General efficiency of the Nexus 5 is outstanding. Navigation is super-quick, with lag-free transitions thanks to both the optimisations of Android 4.4 and the power of the Nexus 5. We did experience a couple of little glitches in our testing, but these related mainly to third-party apps (inevitable) and the camera app (likely to be ironed out in consecutive updates).

The Google Nexus 5 uses a Snapdragon 800 CPU, on par with the top new Android phones of late 2013, and significantly faster than the Galaxy S4.

The Snapdragon 800 used here is a quad-core 2.27 GHz processor with 2GB of RAM. Provided the ₤ 300 asking price of the Nexus 5, that’s a cracking specification, matching the Sony Xperia Z1 and LG G2.

We tried a host of high-end 3D action games to see if the Nexus 5 would trip up, however it did not. Real Racing 3, Dead Trigger 2 and Legendary Citadel all ran completely. If an existing game does not run well, it’s because of poor optimisation on the developer’s part, not a stopping working of the Nexus 5.

Standards as soon as again show that the new Nexus uses excellent worth for money. With 17,757 in the 3D Mark Unlimited test, 2,715 in Geekbench (907 single-core), 803ms in Sunspider and 801 in the Peacekeeper test, the Nexus 5 deals efficiency extremely near the Xperia Z1 – a phone that costs ₤ 200 more.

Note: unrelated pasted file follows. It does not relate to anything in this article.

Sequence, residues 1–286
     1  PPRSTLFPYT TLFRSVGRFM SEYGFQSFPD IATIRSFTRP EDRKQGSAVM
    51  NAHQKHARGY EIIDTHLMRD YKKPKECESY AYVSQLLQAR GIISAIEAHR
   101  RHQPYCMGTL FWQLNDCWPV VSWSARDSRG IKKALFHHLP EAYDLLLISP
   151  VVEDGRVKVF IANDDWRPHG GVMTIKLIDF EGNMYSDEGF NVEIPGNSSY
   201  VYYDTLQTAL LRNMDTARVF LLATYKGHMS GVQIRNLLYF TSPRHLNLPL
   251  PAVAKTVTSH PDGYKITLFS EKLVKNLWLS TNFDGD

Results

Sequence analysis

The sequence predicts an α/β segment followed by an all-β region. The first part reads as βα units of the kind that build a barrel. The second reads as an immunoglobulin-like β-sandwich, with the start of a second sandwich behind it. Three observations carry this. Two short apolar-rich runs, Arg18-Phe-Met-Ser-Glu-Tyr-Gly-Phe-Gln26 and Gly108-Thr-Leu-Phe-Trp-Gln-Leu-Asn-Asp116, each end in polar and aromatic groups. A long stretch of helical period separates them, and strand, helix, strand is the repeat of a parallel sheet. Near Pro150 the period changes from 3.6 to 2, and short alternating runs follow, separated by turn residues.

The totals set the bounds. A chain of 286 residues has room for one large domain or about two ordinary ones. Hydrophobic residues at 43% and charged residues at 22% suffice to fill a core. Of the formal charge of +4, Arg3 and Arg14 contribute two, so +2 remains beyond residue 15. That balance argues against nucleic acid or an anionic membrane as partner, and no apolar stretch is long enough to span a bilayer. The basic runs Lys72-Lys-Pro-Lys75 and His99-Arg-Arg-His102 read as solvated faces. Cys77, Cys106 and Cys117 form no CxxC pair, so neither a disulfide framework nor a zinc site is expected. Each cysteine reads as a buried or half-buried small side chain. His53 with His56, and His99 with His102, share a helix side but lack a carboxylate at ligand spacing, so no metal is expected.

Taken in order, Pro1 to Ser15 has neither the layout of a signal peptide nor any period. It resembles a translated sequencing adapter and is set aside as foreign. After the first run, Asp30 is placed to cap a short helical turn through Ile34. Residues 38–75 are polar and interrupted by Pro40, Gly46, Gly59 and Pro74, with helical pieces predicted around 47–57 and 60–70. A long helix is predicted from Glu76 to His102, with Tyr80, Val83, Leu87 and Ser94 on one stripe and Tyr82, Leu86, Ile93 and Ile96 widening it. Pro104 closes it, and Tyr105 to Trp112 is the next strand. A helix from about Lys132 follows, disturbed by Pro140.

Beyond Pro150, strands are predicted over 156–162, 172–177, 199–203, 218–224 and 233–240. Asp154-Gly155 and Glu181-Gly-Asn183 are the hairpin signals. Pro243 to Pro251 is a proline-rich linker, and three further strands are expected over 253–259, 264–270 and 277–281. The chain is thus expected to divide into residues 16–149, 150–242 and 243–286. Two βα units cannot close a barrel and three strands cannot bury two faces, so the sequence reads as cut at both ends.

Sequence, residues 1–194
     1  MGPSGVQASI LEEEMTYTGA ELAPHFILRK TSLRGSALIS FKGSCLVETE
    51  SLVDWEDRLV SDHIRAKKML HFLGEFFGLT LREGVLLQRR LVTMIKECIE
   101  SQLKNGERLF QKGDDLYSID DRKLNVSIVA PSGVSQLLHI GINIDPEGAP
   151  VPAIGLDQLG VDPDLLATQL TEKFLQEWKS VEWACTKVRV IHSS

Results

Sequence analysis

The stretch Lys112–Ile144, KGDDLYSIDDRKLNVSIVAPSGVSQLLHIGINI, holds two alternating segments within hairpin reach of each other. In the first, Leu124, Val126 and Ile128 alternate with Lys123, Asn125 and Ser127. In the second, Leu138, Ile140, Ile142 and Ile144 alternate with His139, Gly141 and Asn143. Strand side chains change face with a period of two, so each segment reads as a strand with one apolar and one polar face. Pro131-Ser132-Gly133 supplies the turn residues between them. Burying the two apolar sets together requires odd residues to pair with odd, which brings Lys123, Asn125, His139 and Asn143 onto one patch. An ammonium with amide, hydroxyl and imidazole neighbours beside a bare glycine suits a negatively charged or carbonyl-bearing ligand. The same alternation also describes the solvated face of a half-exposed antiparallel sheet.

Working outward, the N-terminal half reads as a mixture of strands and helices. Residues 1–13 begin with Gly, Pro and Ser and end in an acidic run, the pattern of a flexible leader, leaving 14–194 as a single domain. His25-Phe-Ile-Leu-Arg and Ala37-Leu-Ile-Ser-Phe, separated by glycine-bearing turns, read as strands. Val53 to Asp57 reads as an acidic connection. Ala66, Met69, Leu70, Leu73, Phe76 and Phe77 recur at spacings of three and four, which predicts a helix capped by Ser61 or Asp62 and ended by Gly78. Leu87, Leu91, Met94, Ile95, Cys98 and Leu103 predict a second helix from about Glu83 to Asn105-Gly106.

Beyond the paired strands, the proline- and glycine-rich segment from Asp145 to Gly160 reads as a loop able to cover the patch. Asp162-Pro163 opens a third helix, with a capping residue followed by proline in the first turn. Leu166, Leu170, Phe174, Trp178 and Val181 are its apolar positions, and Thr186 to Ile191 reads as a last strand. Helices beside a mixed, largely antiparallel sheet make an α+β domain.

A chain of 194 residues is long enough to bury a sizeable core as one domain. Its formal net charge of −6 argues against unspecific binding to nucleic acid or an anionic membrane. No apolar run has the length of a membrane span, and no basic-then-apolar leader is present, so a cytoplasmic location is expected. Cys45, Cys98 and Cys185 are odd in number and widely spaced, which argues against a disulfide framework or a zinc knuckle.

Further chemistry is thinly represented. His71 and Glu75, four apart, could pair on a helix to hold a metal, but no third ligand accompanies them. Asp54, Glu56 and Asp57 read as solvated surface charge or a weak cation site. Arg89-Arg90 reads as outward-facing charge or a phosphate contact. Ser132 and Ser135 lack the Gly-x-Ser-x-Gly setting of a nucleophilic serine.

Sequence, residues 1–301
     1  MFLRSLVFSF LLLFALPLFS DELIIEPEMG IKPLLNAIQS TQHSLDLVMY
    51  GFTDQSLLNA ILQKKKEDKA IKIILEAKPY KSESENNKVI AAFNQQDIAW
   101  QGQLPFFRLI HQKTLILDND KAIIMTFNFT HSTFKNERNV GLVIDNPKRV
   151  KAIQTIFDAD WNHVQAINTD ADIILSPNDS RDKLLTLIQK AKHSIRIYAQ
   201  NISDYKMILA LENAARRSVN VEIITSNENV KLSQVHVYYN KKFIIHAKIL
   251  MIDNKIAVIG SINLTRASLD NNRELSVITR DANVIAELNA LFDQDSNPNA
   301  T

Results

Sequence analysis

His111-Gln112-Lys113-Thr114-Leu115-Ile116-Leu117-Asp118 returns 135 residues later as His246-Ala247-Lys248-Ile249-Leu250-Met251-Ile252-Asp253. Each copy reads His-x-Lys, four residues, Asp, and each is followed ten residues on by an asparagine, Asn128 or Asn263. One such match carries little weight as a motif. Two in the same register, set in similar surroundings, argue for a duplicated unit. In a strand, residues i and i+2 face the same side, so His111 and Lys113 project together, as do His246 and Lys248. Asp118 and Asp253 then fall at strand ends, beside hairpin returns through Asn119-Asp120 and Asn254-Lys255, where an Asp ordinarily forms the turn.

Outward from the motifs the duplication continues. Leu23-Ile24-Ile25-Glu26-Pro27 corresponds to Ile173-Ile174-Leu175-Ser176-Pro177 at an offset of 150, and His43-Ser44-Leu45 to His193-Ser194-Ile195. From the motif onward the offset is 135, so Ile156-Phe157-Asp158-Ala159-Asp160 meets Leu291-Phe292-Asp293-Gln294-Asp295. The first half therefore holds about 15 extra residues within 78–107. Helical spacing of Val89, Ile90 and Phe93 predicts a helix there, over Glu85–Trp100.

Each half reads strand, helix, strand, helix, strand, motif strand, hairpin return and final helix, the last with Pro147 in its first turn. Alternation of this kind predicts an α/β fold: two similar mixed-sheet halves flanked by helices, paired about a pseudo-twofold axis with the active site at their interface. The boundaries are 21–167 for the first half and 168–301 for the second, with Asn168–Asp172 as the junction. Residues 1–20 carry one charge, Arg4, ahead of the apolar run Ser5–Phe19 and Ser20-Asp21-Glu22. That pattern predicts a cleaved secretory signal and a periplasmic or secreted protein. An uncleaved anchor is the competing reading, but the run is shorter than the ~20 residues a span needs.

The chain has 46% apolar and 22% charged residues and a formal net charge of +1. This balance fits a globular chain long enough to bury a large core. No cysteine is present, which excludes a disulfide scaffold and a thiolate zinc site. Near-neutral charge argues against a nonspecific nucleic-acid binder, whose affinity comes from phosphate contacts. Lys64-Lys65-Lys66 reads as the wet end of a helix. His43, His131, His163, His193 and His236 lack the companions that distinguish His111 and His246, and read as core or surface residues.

It’s not as effective as an iPhone FIVE, but for the time being you can’t get a more powerful Android phone with excellent game developer assistance. The latest Intel Atom mobile processors are a good deal quicker, however as they’re hardly used in any phones, developers do not tend to optimise for them specifically.

In other words, the Nexus 5 leader for video gaming.


Morris T. Parson, Tech Support

Leading specialist in electronics and engineering. Author of dozens of articles on various topics from the world of hi-tech. Sound independent analysis of products, exploring new niches and global trends is his special passion.